What Could Go Right?

Critic and humorist Joe Queenan took aim at the Internet of Things in this weekend’s Wall Street Journal. It’s a mildly entertaining consideration of what could go wrong when our appliances, devices, and online accounts are all networked together. For example:

“If the wireless subwoofers are linked to the voice-activated oven, which is linked to the Lexus, which is linked to the PC’s external drive, then hackers in Moscow could easily break in through your kid’s PlayStation and clean out your 401(k). The same is true if the snowblower is linked to the smoke detector, which is linked to the laptop, which is linked to your cash-strapped grandma’s bank account. A castle is only as strong as its weakest portcullis.”

He goes on to imagine hackers reprogramming your smart refrigerator to order “thousands of gallons of banana-flavored soy milk every week,” or your music library to play only “Il Divo, Il Divo, Il Divo, 24 hours a day.” Queenan gives readers a few more of these humorously intoned, marginally plausible scenarios that, with a light touch, point to some of the ways the Internet of Things could go wrong.

In any case, after reading Queenan’s playful lampoon of the Internet of Things, it occurred to me that more often than not our worries about new technology center on the question, “What could go wrong?” In fact, we often ask that sarcastically to suggest that some new technology is obviously fraught with risk. For instance: Geoengineering. Global-scale interventions in the delicate, imperfectly understood workings of the earth’s climate with potentially massive and irreversible consequences … what could go wrong?

Of course, this is a perfectly reasonable question to ask. We ask it, and engineers and technologists respond by assuring us that safety measures are in place, contingencies have been accounted for, precautions have been taken, etc. Or, alternatively, that the risks of doing nothing are greater than the risks of proceeding with some technological project. In other words, asking what could go wrong tends to lock us in the technocratic frame of mind. It invites cost/benefit analysis, rational planning, technological fixes to technological problems, all mixed through and through with sprinklings or heaps of hubris.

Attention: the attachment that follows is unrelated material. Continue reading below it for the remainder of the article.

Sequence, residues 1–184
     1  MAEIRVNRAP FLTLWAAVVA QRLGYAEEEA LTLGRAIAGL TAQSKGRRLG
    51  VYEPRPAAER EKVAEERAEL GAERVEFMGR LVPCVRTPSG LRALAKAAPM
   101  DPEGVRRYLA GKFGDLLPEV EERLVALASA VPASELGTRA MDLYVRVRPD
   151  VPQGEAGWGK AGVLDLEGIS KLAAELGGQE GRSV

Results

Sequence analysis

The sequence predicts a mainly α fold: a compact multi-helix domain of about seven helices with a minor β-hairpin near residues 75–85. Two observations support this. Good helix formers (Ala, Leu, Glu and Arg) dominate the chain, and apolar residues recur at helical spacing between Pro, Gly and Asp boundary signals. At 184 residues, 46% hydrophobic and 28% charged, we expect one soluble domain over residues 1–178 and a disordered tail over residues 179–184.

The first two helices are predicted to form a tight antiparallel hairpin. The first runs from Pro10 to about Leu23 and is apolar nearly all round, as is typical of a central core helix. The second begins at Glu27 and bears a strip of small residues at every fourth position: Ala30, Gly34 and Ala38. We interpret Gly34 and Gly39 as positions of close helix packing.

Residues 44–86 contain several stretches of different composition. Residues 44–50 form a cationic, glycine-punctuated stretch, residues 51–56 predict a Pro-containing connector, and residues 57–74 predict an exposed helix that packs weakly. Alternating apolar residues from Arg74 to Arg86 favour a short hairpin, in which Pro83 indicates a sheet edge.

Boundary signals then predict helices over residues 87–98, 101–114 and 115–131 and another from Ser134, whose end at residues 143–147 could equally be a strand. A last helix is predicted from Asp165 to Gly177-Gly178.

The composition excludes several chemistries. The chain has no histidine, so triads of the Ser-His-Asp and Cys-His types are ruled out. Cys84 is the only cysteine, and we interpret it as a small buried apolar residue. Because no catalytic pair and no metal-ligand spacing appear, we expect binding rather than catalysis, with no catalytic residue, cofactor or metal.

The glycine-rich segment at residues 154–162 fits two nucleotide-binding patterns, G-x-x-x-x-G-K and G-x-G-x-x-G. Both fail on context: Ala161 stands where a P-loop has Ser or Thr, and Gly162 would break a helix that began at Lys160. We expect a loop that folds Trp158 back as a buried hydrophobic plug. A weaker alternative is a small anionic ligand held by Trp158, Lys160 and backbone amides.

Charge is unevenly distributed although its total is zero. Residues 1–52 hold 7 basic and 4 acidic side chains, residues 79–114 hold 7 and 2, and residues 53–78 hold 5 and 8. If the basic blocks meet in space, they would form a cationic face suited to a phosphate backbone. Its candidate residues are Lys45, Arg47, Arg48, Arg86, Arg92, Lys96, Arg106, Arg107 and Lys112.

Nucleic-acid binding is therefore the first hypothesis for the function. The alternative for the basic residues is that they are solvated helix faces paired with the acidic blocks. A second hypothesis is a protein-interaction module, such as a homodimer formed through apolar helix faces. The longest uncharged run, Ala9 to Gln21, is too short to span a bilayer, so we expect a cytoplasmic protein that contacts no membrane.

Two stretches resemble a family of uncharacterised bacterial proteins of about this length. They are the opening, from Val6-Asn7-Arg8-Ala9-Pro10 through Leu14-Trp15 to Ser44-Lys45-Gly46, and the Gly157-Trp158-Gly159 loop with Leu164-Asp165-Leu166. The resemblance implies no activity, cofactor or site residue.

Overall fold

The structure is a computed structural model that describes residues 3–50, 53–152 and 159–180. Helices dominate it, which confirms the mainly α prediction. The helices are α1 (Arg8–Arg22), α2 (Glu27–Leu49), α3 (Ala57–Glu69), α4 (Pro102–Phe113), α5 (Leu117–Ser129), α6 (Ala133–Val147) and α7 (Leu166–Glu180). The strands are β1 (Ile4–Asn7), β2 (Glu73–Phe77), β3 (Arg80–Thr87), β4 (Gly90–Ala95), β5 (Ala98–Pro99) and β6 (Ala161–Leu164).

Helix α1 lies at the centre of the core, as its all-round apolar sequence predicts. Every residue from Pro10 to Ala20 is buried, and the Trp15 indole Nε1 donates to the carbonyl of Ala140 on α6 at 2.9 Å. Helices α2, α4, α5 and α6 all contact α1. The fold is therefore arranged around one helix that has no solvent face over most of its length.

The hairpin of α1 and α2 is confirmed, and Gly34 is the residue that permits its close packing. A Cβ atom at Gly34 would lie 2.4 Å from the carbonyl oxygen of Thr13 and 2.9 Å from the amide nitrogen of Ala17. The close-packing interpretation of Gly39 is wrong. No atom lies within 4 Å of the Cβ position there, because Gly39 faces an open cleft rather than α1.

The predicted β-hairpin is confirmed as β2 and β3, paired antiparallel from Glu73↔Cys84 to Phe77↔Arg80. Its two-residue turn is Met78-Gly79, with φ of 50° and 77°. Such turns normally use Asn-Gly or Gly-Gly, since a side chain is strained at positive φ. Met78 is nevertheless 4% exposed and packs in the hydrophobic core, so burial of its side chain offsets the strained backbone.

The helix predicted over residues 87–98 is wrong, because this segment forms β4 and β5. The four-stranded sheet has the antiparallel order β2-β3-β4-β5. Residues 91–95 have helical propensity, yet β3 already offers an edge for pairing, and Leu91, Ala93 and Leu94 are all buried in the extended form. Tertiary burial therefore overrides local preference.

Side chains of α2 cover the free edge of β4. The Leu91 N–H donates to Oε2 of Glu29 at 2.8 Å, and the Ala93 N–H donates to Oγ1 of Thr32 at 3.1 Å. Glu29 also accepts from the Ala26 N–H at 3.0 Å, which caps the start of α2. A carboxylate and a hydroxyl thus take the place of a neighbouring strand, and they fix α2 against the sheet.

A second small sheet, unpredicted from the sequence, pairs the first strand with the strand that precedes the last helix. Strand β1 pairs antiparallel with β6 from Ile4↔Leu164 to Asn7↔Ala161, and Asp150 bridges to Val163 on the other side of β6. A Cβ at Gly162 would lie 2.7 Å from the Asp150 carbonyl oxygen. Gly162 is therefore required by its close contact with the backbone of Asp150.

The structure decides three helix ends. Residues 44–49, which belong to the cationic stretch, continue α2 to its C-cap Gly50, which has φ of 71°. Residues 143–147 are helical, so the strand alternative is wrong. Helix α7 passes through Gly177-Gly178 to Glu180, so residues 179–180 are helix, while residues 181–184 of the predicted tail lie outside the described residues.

Very often, despite some initial failures and, one hopes, not-too-tragic accidents, the kinks do get worked out, disasters are averted (or mostly so), and the new technology stabilizes. The voices of critics who worried about what could go wrong suddenly sound a lot like a chorus of boys crying wolf. Enthusiasts wipe the sweat from their brows, take a deep breath, and confidently proclaim, “I told you so.”

All well and good. There’s only one problem. Maybe asking “What could go wrong?” is a short-sighted way of thinking about new technologies. Maybe we should also be asking, “What could go right?”

What if this new technology worked just as advertised? What if it became a barely-noticed feature of our technological landscape? What if it was seamlessly integrated into our social life? What if it delivered on its promise?

Accidents and disasters get our attention, their possibility makes us anxious. The more spectacular the promise of a new technology, the more nervous we might be about what could go wrong. But, if we are focused exclusively on the accident, we lose sight of the fact that the most consequential technologies are usually those that end up working. They are the ones that reorder our lives, reframe our experience, restructure our social lives, recalibrate our sense of time and place. Etc.

In his recent review of Jordan Ellenberg’s How Not to Be Wrong: The Power of Mathematical Thinking (a title with a mildly hubristic ring, to be sure), Peter Pesic opens with an anecdote about problem solving during World War II. Given the trade-offs involved in placing extra amor on fighter planes and bombers–increased weight, decreased range–where should military airplanes be reinforced? Noticing that returning planes had more bullet holes in the fuselage than in the engine, some suggested reinforcing the fuselage. There was one, seemingly obvious, problem with this line of thinking. As the mathematician Abraham Wald noted, this solution ignored the planes that didn’t make it back, most likely because they had been shot in the engine.

This little anecdote–from what seems like a fascinating book, by the way–reminds us that where you look sometimes makes all the difference. A truism, certainly, but no less true because of it. If in thinking about new technologies (or those old ones, which are no less consequential for having lost the radiance of novelty) we look only at the potential accident, then we may miss what matters most.